msync - synchronize a file with a memory map
int msync(void *
msync() flushes changes made to the in-core copy of a file that was mapped into memory using mmap(2) back to the filesystem. Without use of this call, there is no guarantee that changes are written back before munmap(2) is called. To be more precise, the part of the file that corresponds to the memory area starting at
addr and having length
length is updated.
flags argument should specify exactly one of MS_ASYNC and MS_SYNC, and may additionally include the MS_INVALIDATE bit. These bits have the following meanings:
Specifies that an update be scheduled, but the call returns immediately.
Requests an update and waits for it to complete.
Asks to invalidate other mappings of the same file (so that they can be updated with the fresh values just written).
On success, zero is returned. On error, -1 is returned, and
errno is set appropriately.
MS_INVALIDATE was specified in
flags, and a memory lock exists for the specified address range.
addr is not a multiple of PAGESIZE; or any bit other than MS_ASYNC | MS_INVALIDATE | MS_SYNC is set in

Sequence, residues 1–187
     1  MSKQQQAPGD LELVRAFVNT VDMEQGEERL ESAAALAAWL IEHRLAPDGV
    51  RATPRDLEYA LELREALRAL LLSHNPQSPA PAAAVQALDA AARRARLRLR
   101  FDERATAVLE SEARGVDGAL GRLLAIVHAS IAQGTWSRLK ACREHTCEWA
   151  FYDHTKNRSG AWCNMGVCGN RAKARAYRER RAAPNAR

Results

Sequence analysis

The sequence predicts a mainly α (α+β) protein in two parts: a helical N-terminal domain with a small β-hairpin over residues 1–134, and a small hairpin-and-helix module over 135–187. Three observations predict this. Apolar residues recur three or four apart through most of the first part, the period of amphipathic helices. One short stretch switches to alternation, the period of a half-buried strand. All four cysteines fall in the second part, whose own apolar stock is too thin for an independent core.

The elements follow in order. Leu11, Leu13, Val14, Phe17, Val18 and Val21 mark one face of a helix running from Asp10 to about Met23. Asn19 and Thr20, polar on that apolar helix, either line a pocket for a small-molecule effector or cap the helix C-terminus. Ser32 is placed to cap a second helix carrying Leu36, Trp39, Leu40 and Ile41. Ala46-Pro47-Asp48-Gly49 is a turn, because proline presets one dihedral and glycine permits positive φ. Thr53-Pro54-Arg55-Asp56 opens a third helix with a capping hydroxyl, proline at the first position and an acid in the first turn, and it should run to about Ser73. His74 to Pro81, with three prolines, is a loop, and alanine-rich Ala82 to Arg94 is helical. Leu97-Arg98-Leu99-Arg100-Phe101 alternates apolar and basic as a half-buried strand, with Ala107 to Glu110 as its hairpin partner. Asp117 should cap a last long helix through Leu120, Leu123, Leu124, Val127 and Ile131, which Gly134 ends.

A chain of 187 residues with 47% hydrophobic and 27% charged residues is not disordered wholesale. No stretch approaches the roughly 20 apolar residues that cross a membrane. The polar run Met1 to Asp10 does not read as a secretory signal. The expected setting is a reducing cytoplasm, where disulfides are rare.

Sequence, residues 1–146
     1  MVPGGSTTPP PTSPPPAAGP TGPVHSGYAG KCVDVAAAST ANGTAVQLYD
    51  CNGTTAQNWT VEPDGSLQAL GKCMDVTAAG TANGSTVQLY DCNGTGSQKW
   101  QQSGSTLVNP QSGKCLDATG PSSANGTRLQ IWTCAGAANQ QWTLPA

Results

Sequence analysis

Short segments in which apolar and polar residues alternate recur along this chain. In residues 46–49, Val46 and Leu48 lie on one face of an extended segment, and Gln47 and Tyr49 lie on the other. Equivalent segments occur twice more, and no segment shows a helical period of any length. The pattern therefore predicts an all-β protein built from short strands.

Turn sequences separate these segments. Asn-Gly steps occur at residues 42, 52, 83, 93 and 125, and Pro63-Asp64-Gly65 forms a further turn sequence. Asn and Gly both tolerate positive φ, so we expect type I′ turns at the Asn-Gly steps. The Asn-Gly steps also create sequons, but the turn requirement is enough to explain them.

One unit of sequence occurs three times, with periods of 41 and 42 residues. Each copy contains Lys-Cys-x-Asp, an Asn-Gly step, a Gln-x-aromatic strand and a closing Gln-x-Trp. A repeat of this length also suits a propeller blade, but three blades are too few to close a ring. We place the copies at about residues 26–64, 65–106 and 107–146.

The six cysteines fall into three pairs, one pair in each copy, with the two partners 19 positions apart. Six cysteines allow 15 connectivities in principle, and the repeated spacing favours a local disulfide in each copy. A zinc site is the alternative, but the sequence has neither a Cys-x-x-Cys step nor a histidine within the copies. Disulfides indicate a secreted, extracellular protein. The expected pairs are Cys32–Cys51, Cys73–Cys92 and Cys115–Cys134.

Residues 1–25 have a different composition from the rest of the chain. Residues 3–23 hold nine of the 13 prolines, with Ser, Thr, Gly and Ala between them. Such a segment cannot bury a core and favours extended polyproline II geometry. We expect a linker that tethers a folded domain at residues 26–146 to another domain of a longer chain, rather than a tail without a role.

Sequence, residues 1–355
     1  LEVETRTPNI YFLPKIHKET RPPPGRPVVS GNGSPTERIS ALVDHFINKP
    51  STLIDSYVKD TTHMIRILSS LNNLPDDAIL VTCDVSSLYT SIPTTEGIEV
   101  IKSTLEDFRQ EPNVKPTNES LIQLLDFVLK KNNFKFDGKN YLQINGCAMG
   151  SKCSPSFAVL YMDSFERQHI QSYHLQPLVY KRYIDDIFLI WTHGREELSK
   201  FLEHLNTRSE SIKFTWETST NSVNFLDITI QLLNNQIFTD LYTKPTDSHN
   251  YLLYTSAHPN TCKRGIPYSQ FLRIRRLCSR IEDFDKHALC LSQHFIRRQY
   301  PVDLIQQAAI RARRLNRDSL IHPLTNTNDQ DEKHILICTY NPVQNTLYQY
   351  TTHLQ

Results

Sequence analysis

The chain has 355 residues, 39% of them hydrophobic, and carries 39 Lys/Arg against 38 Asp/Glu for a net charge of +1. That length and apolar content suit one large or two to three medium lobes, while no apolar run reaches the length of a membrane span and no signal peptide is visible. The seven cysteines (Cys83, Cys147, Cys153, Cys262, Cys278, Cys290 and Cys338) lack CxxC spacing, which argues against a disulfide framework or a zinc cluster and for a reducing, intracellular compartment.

flags; or both MS_SYNC and MS_ASYNC are set in
The indicated memory (or part of it) was not mapped.
This call was introduced in Linux 1.3.21, and then used EFAULT instead of ENOMEM. In Linux 2.4.19, this was changed to the POSIX value ENOMEM.
According to POSIX, either MS_SYNC or MS_ASYNC must be specified in
flags, and indeed failure to include one of these flags will cause msync() to fail on some systems. However, Linux permits a call to msync() that specifies neither of these flags, with semantics that are (currently) equivalent to specifying MS_ASYNC. (Since Linux 2.6.19, MS_ASYNC is in fact a no-op, since the kernel properly tracks dirty pages and flushes them to storage as necessary.) Notwithstanding the Linux behavior, portable, future-proof applications should ensure that they specify either MS_SYNC or MS_ASYNC in
B.O. Gallmeister, POSIX.4, O'Reilly, pp. 128–129 and 389–391.
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